Easter Myth #3: The gospels accurately recorded Yeshua’s last words

Ten Easter Myths

Most leading historians, archaeologists and linguists don’t believe that the four official Christian Gospels can be relied upon as accurate records of historical fact. The Christmas stories, for instance, are known to be complete fabrications based on stories passed down from other traditions, edited to make them appear consistent with ancient Hebrew prophecies. The Easter stories too are highly dubious as factual accounts.

Easter is unquestionably the most important day of the Christian calendar. On Easter Day Christians believe their saviour Yeshua came back to life and was seen in corporeal form for several weeks before ascending on a cloud to ‘heaven’. This is the very basis of their religion.

They believe it because the gospels say it happened, or so they think. But most Christians aren’t aware of the inconsistencies in the scriptures. The Gospels are riddled with factual errors, contradictions and unsupported statements that challenge the very basis of the religion.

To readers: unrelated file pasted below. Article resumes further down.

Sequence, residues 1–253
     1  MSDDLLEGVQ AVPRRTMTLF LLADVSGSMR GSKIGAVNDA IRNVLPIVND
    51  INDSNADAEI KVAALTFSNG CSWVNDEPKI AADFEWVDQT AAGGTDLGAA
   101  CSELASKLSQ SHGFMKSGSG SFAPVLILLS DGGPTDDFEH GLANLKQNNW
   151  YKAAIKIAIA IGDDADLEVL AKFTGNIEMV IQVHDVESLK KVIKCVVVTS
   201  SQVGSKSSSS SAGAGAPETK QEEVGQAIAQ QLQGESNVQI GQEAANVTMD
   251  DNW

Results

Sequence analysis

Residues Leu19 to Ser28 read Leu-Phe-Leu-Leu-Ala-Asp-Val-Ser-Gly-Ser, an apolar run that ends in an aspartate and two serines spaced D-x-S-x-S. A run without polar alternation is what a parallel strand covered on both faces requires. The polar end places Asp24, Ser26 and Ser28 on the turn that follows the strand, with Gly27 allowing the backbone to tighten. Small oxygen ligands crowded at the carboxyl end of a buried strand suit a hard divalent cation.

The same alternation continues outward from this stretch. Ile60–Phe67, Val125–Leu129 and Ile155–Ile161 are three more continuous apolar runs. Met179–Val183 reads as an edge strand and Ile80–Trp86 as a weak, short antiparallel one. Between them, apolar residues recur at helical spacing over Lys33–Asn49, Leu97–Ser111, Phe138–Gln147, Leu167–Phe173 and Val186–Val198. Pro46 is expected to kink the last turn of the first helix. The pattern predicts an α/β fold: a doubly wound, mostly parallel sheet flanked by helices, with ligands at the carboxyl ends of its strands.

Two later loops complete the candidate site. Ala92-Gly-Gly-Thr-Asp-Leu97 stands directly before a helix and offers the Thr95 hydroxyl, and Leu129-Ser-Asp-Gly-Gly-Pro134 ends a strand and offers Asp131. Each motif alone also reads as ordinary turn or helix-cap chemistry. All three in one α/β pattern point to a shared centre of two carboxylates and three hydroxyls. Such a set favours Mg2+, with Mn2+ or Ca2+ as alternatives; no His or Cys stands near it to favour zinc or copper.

This series presents ten myths about the Easter stories drawing on Gospel sources and historical records.

Myth #3:  The gospels accurately recorded Yeshua’s last words

It was normal for victims of crucifixion to suffer for many hours in the heat of the day, then slip into a coma before being pronounced dead. Usually it took over twenty-four hours but the gospels say Yeshua died relatively quickly. But what were his last words?

  • According to ‘Matthew’ he let out a cry, ‘My G_d, my G_d, why have you forsaken me?’[1] – hardly the cry of a man who had participated willingly in his fate.
  • In ‘Luke’, he cried more nobly, ‘Father, into your hands I commend my spirit.’[2]
  • In ‘Mark’, he merely breathed his last.[3] ‘Mark’ claimed that Pilate was surprised that Yeshua died so soon.[4]
  • In ‘John’ he said nothing profound, but took the opportunity to ask ‘the disciple who he loved’[5] to take care of his mother.

Interestingly members of the public were not allowed to get close to the crucifixion scene. Only the Roman guards would have heard words spoken by the condemned – certainly not the gospel authors!

©David Lawrence Preston, 10.2.2017

Follow me on Facebook and Twitter @David_L_Preston

Balboa Press, 2015

[1] Matthew 27:46. This is a quote from Psalms 22.1.

[2] Luke 23, 46

[3] Mark 15:37

[4] Mark 15:44

[5] There are several references to ‘the disciple who Yeshua loved’ in the Fourth Gospel. Those who think it was the author himself are mistaken because the gospel was written many decades after the events they purport to describe. It is clearly a fabrication.

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